How to Become a Flight Attendant with No Experience (Guide)
You dream of a life of adventure, of getting paid to travel the world accumulating stamps in your passport and photos for your Instagram page. So how are you going to make that dream a reality? It’s the question you secretly dread. After all, you aren’t an Instagram influencer, a well-known travel writer, or the recipient of a generous trust fund. Working on a cruise ship is out because just taking a water taxi ride is enough to make you nauseous. You don’t have a pilot’s license and you have no experience as a flight attendant. What’s left?
Check this out: remember that flight attendant option that you thought you weren’t qualified for? Well, what if you could become a flight attendant with no experience?
Yes, it’s true! For most other jobs you are expected to have already had training and gained experience in the field prior to applying, but it’s different for flight attendants. When the airline industry is hiring entry level flight attendants, zero experience is required! They simply want to see that you have the right personality and potential to become an amazing flight attendant after going through training which they provide after you are hired.
And you know what? That means that you are one step closer to making those travel dreams a reality. Excited to learn more? Let’s jump in and explore the process of becoming a flight attendant plus talk about the salary and benefits that come with this unique job.
How much does a flight attendant make?
First off, you may be drawn to the flight attendant career path for the benefits and the lifestyle, but that doesn’t pay the bills. So what can you expect to earn?
Let’s be honest: you aren’t going to get rich as a flight attendant. According to ZipRecruiter, as of March 2020, the average yearly salary for a U.S. flight attendant is $59,987 but pay rates can range from $20,500 to $180,000. Most flight attendants should expect to earn between $37,500 and $62,000 a year during their careers.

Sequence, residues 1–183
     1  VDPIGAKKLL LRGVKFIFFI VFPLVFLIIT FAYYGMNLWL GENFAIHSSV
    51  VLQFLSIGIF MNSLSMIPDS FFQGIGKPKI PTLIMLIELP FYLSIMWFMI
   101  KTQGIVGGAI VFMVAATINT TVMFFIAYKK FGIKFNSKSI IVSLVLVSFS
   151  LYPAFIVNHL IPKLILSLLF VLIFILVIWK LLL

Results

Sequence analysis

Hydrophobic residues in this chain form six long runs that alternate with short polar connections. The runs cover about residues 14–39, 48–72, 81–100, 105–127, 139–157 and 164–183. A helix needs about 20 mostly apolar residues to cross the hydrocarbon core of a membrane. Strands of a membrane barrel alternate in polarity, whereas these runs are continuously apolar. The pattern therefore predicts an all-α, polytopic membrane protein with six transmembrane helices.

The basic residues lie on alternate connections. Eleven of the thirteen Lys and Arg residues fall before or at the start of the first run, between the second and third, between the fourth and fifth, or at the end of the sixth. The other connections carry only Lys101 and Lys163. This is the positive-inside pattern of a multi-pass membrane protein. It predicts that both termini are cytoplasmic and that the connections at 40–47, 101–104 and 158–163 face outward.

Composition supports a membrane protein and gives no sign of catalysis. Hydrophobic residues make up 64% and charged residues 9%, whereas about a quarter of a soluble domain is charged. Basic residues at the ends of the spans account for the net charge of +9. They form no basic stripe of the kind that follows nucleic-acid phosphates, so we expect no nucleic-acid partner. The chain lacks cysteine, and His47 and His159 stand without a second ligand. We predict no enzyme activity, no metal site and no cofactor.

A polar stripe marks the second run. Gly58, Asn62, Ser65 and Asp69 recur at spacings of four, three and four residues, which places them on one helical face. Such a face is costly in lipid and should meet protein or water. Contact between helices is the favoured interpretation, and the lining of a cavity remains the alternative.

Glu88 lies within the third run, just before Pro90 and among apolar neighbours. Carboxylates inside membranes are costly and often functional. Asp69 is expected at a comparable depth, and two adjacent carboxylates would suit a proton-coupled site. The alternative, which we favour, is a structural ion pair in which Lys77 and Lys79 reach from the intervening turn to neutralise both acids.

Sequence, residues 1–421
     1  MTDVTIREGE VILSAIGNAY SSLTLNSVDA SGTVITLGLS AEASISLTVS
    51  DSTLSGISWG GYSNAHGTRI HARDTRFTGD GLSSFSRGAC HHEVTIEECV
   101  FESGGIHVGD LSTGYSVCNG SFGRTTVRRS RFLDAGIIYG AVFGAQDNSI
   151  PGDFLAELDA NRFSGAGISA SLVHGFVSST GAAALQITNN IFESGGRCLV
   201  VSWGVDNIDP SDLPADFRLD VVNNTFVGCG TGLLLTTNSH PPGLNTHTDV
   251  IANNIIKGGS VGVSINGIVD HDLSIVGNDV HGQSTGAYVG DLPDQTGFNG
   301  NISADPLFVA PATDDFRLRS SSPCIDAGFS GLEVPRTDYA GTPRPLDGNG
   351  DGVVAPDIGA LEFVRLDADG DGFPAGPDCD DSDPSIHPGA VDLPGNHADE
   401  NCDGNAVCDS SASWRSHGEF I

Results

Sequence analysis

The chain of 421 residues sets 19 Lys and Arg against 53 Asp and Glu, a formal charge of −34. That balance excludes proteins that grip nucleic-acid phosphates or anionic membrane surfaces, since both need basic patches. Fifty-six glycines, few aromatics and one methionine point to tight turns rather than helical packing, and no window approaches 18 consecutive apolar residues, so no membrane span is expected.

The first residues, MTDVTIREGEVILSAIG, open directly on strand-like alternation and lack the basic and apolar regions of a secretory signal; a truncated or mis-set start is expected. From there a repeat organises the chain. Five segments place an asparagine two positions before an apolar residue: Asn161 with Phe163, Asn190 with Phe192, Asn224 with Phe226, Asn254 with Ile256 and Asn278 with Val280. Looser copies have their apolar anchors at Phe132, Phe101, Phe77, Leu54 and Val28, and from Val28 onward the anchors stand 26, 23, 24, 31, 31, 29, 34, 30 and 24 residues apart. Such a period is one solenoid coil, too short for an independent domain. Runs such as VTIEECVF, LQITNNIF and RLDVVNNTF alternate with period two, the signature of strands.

Not super lucrative, but doable. And you know what? The allure of flight attendant life isn’t the money so much as it is the benefits. So, before we go any further, let’s talk about those amazing benefits since that’s why many of us are here.
What are some of the benefits of being a flight attendant?
Free flights for you
Who’s here for the free flights? Raise your hand. Everyone? Great. You’ve come the right place. As you know, one of the main perks of a flight attendant career is access to endless free flights on your own airline.
Free flights for your spouse/dependents/parents
But wait, there’s more. Did you know that for most airlines, your spouse, dependents and even your parents also qualify for free flights? Imagine how much less a family vacation will cost if you don’t have to pay for airfare. Plus, your parents can’t say you never did anything for them. While you’re working hard to earn those benefits, they can kick back on a sandy beach or explore a new city that they didn’t have to pay to fly to.
Tax-only fares when flying other airlines
What if your airline doesn’t fly to an exotic destination that’s on your bucket list? You have to pay full fare somewhere else, right? Not so fast. Check what reciprocal agreements your airline has with other airlines. Most airlines will mutually agree to extend flight benefits to employees and beneficiaries from other airlines. In this case, you’ll just have to cover the nominal taxes that would usually be tacked on to a paid ticket.
In case you don’t already know, the airline industry is a very seniority-based world. The longer you stick around, the cushier the scheduling gets. Flight attendants “bid” on their schedules each month. This means that you decide exactly what your ideal schedule would look like.
What days do you want to fly? Where are your preferred destinations? Do you want out and backs or layovers? International or domestic? Do you have a specific aircraft preference?
Submit your ideal schedule, and a sophisticated computer system matches as many of your criteria as it can so the finished schedule is as close as possible to what you asked for. Sounds great, right? And it really is once you have paid your dues and built up seniority. The matching system takes your seniority into account. The flight attendants with highest seniority are matched first, so they will get nearly exactly what they asked for. As you go further and further down the seniority list, there will be fewer slots available, so if you are a flight attendant with low seniority, you get what is left even if it wasn’t your preference. The good news is that even if your schedule isn’t what you asked for, trading shifts is usually pretty easy, so you may be able to swap things around. Plus, you bid again each month, so you’re aren’t stuck with the same schedule forever.